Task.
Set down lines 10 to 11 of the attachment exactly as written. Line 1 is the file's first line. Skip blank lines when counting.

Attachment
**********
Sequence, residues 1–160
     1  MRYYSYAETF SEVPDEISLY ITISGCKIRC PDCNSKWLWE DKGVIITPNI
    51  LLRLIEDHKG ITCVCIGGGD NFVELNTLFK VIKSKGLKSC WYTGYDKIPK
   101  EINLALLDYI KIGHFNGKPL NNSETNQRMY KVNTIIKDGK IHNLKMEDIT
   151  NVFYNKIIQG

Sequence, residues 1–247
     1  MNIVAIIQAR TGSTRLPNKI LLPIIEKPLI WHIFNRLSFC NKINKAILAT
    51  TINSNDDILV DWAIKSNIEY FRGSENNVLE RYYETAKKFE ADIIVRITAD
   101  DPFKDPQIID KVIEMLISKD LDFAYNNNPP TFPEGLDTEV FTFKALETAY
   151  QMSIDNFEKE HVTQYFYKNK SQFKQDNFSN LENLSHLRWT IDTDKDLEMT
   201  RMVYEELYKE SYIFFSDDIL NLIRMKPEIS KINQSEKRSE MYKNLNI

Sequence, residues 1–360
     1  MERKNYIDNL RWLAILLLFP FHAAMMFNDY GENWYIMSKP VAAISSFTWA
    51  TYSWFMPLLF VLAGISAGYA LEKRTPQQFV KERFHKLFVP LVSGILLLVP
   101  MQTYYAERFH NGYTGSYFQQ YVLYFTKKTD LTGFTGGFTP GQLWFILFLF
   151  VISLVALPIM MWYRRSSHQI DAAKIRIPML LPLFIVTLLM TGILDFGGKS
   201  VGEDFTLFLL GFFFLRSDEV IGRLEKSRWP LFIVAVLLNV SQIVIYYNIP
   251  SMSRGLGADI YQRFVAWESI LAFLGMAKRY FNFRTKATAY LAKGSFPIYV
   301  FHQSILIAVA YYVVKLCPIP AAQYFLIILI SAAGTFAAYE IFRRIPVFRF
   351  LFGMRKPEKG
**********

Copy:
   151  QMSIDNFEKE HVTQYFYKNK SQFKQDNFSN LENLSHLRWT IDTDKDLEMT
   201  RMVYEELYKE SYIFFSDDIL NLIRMKPEIS KINQSEKRSE MYKNLNI